The Life of William Tyndale, Part 1

England and the Roman Catholic Church

In 1523 London was a walled city with a large cathedral and religious structure.

Many different sects dominated the religious landscape, while forests surrounded the city.

Henry VIII was the ruler and was demanding a war with France.

To fight this war, Cardinal Wolsey was to collect an 18% tax on the people.

Henry was impatient with the Pope, the Church, and his wife Catherine.

Pope Clement VII was not being paid by the monarchy and was watching the situation.

Adrian, who was Pope before Clement, died after 12 months.

Pope Loe X was very corrupt and sold indulgences and offices to whoever could pay.

Erasmus, and others, wrote scathing rebukes of the religious leaders of the day.

Relics were worshiped in a way that defamed the Church.

Many who were loyal to the Church in Rome spoke out against the indulgences and other sacrilegious acts.

These men were ineffective because:

1. They did not go to the root of the problem—ignorance of God's Word and the gospel.

2. They feared the consequences.

William Tyndale

Tyndale was born in a small village to a family who was fairly well off.

He studied at Oxford where studies centered on apparently useless theology.

Erasmus was at Oxford, but then went to Cambridge as he continued to compile the Greek New Testament—which was published in 1516.

Scholars had fled west with the priceless Greek texts as the Muslims invaded Constantinople.

Cambridge was the university of the reformers, many of whom would be burned at the stake.

There, they discussed true doctrinal matters with the aid of the Greek New Testament.

Tyndale took a job as a tutor at Little Sodbury Manor in Gloucestershire, but would travel to Bristol to preach outside the cathedral.

At this time, Tyndale had begun his translation of the Greek New Testament into English.

The Great Hall of Little Sodbury Manor was a place of information as people passed through the area—including raveling friars.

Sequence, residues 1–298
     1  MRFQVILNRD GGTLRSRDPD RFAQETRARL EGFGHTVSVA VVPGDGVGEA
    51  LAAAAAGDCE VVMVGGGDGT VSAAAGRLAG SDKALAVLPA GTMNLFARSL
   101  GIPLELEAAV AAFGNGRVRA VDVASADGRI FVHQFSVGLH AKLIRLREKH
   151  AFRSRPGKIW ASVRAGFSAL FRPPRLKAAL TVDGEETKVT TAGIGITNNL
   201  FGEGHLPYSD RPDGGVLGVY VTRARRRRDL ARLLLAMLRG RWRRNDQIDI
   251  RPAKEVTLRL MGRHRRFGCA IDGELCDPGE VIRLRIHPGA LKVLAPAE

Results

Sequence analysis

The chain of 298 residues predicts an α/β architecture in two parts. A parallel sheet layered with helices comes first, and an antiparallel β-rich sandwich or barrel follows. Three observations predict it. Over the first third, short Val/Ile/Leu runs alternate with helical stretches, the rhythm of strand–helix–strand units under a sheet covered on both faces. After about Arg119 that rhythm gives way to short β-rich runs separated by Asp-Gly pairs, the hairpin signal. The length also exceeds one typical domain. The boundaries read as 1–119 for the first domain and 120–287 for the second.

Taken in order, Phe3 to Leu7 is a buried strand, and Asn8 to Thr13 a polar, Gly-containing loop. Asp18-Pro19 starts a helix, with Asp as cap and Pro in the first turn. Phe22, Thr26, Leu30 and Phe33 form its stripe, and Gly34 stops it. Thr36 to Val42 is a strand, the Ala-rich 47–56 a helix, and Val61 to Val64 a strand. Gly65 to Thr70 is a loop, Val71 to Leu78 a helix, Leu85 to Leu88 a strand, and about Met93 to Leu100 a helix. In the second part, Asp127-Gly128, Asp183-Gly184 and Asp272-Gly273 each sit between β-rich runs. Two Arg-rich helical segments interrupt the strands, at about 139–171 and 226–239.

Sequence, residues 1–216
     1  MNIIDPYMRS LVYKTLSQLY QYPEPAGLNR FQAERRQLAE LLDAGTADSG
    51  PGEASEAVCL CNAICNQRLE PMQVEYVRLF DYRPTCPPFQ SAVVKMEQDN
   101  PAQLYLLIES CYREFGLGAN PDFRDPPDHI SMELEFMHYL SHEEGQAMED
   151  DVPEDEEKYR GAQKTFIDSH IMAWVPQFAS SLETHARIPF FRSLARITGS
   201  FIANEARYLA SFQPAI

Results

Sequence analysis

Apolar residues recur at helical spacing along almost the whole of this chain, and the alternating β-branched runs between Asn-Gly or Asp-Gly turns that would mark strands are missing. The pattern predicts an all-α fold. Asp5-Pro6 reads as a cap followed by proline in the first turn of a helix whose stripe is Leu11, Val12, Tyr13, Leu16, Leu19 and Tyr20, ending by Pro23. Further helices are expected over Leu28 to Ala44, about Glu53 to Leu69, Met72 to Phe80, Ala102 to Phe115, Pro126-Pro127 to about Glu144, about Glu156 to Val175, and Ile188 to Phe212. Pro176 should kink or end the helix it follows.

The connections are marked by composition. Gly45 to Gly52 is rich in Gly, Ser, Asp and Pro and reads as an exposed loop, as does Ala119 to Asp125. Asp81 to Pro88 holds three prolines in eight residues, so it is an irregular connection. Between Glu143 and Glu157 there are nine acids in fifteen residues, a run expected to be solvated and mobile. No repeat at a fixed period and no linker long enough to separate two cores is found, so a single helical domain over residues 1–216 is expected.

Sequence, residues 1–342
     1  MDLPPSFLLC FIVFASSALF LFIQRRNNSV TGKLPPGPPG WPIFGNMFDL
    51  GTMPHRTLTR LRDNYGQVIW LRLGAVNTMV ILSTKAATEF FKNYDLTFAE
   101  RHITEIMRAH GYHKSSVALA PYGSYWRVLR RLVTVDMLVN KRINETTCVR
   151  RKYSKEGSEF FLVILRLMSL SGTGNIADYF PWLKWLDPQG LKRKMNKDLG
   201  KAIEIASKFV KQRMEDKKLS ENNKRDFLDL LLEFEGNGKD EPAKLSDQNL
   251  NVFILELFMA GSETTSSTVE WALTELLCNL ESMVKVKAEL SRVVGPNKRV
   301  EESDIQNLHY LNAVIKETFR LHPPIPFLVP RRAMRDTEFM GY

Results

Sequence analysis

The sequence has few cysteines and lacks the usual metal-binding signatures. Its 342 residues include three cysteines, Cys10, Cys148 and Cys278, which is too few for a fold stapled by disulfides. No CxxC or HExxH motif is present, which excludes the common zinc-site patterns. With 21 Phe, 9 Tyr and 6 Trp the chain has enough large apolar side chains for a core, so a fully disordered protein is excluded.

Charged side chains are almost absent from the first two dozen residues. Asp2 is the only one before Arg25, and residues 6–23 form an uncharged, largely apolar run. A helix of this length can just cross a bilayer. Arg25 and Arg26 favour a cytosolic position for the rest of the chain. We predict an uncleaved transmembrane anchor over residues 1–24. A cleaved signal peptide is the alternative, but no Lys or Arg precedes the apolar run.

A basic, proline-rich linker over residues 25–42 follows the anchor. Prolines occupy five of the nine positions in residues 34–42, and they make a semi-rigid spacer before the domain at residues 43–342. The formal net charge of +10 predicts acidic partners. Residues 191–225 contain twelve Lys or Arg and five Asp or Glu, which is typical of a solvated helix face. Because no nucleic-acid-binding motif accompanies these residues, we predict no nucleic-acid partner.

Discussions of the national political and religious scene were held in the hall.

At one such debate, Tyndale crossed verbal swords with a friar exclaiming, “I defy the Pope and all his laws…if God spare my life ere many years, I will cause a boy that driveth a plough shall know more of the scriptures than thou dost….”

Tyndale’s Influences and Obstacles

There were three clear influences on Tyndale at this time:

Discussions with the others at Cambridge concerning the gospel presented in the New Testament.

An elderly priest near Bristol who urged him to stand firm, even against the Church.

The Greek New Testament from Erasmus.

Erasmus wrote in the front of his Greek New Testament of his desire to see the common people reading and knowing the Scriptures.

This was printed and circulated with the blessing of the Pope.

Tyndale shared this sentiment.

In England, the Constitutions of Oxford (1408-09) made it illegal to read the Bible in English without a bishop’s license.

French and Latin were the regal and legal languages while English was left to the commoners.

April 4, 1519 saw seven people executed for teaching their children the Lord’s Prayer in English.

Three years later, a nine-year-old boy was burned for having a scrap of paper with the Lord’s Prayer written in English.

Tyndale arrived in London in 1523 and lived with a local merchant with ties to the German Lutherans.

Luther’s German New Testament was being smuggled into London at the steelyard.

Tyndale continued to work on the translation of the New Testament with the help of John Frith.

The lines of the Reformation were being clearly drawn:

1. Scripture alone for authority.

2. Christ alone for salvation.

3. Faith alone as a way to receive salvation.

Think About It

Why did the Church not want the Bible translated into English?

How was Tyndale exposed to the authentic gospel?

What consequences awaited those who taught or read the Bible in English?